For five years before I came to Pomona College, I volunteered for Planned Parenthood. While working there, I learned a great deal, from data and statistics to teaching strategies to the uncomfortable truth that no matter how excited you might be about something, sometimes you need to step back, calm down, and strategize in order to be successful. Having a vending machine on campus to dispense emergency contraception would be an incredibly meaningful step for the college to take, and it’s a step I would support wholeheartedly—as long as it is done thoughtfully and thoroughly.
We are constantly told as Pomona students that we have access to nearly everything we could ever want. If the club you want to join doesn’t exist, start it and the school will fund it. If you want to do an original research project over the summer, apply for funding from the school and you could spend June and July in Greece or Botswana. It seems natural, then, to think that if you want more access to emergency contraception, just ask and you shall receive.
Unfortunately, a Plan B vending machine has the potential for much larger consequences, both positive and negative, than a 5C Step Team. Thus, it requires more consideration. The vending machine holds an incredible possibility for doing good, but it could have devastating consequences for the fight for women’s right to access if we rush into it without complete consideration of the repercussions it will certainly have in the local and national community.
Shippensburg University of Pennsylvania is the only school in the country that has a Plan B vending machine, and it is located in a very small town over two hours away from a major metropolitan area. Prior to the installation of the vending machine in 2010, the only nearby option for students who wanted to purchase emergency contraception was the small town pharmacy—their college health services didn’t offer it.
Pomona, however, is located in a mid-sized town surrounded by metropolitan areas. There are three Planned Parenthood locations within 10 miles of campus, including one that is only a mile and a half away. Student Health Services (SHS) sells Plan B for $20, which is almost certainly cheaper than it would be from the vending machine. There are also many pharmacies nearby, including a 24-hour Walgreens within three miles of campus.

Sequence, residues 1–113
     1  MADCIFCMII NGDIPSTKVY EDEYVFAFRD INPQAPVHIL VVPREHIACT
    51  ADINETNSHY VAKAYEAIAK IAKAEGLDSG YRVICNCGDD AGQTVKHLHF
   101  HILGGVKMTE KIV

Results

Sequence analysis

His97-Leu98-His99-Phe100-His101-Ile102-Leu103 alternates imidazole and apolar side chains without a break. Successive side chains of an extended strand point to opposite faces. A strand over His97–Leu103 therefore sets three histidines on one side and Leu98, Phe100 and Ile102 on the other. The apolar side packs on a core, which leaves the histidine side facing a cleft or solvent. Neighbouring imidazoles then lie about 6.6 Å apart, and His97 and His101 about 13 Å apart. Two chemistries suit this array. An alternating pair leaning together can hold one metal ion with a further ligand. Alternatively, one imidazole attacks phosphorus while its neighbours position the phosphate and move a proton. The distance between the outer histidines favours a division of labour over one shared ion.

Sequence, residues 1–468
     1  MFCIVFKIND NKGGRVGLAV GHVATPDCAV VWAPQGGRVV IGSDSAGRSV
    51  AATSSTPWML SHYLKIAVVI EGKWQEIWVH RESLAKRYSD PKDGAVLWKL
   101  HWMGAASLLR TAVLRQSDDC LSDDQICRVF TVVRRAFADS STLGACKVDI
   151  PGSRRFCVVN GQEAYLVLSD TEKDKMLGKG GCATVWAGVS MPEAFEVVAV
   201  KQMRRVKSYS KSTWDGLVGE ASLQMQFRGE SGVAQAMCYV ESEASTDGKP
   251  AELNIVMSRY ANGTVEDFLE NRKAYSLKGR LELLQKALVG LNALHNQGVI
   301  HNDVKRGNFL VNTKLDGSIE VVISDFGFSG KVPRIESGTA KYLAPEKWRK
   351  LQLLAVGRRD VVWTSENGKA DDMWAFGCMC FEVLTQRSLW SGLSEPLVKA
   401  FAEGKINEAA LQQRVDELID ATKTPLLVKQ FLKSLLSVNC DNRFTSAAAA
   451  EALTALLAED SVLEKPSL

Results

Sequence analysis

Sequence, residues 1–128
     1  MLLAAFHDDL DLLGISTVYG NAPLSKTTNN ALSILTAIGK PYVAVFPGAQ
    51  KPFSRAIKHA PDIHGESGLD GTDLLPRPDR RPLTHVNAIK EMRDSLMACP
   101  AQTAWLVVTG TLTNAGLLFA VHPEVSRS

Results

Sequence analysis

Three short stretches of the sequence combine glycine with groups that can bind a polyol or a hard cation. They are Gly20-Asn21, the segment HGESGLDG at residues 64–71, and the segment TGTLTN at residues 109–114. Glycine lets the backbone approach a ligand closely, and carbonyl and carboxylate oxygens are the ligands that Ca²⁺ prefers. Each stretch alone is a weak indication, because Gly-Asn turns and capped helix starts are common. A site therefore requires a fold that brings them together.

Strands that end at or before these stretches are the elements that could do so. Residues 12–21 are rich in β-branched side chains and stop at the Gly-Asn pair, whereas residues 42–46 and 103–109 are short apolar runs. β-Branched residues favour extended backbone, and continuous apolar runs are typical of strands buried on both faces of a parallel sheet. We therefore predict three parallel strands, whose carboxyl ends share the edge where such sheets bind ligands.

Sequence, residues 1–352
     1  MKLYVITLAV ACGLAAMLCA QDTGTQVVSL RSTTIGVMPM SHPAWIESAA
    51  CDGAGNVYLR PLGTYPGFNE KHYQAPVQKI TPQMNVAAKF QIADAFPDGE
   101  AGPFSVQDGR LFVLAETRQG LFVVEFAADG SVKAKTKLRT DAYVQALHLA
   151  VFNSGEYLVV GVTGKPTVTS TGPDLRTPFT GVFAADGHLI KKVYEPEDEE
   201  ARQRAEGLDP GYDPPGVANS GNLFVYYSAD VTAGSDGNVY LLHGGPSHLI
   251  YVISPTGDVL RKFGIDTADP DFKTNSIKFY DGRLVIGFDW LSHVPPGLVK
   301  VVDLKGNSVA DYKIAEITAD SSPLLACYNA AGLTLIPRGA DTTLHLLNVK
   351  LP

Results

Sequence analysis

Shippensburg’s argument was one of access. Pomona’s could not be. Students have access to emergency contraception. Could access be better? Yes. Should it be better? Of course. But Pomona does not have an access problem like Shippensburg does. We have a public health issue, not an access issue. Access should always be increased. Currently, SHS requires students to sit down with a nurse before being sold Plan B, despite the fact that it is an over-the-counter medication. A vending machine would eliminate this sometimes-deterring procedure.
Before proceeding, the students and the college need to recognize that this is a controversial step. It would certainly spark investigation by the FDA, as well as possible backlash from the surrounding community and even the other colleges. The college will need to conduct conversations about how we will restrict access to the machine in order to comply with the federal law that all purchasers must be 17 or older. Will we use a swipe machine? If so, how do we make sure students’ identities are protected? What if an under-17 student enrolls at Pomona? Do we provide access to the other 5Cs? These are all questions we need to be asking.
We also need to consider how to educate students about the medication. Associated Students of Pomona College is hoping to partner with Health Education Outreach and SHS, so we must consider how to make students aware of the facts: Plan B is safe and effective, but its effectiveness decreases over time. It is not recommended for frequent use. It does not protect against sexually transmitted infections. It is not a substitute for other birth control methods. Above all, emergency contraception is a Plan B, not a Plan A.
If we, as a community, want to go through with this—and I personally think it is an incredible opportunity to lead the way on an important, albeit contentious, issue—we need to make sure we do it right. Because worse than not installing a vending machine would be installing one just to have it removed in some widely publicized scandal. We should pursue this, but we need to be absolutely sure going forward that we aren’t going to ruin it for anyone else. Hopefully, in the future, contraceptive vending machines will be widely available, but at this point they are not, and we should help that process rather than hinder it.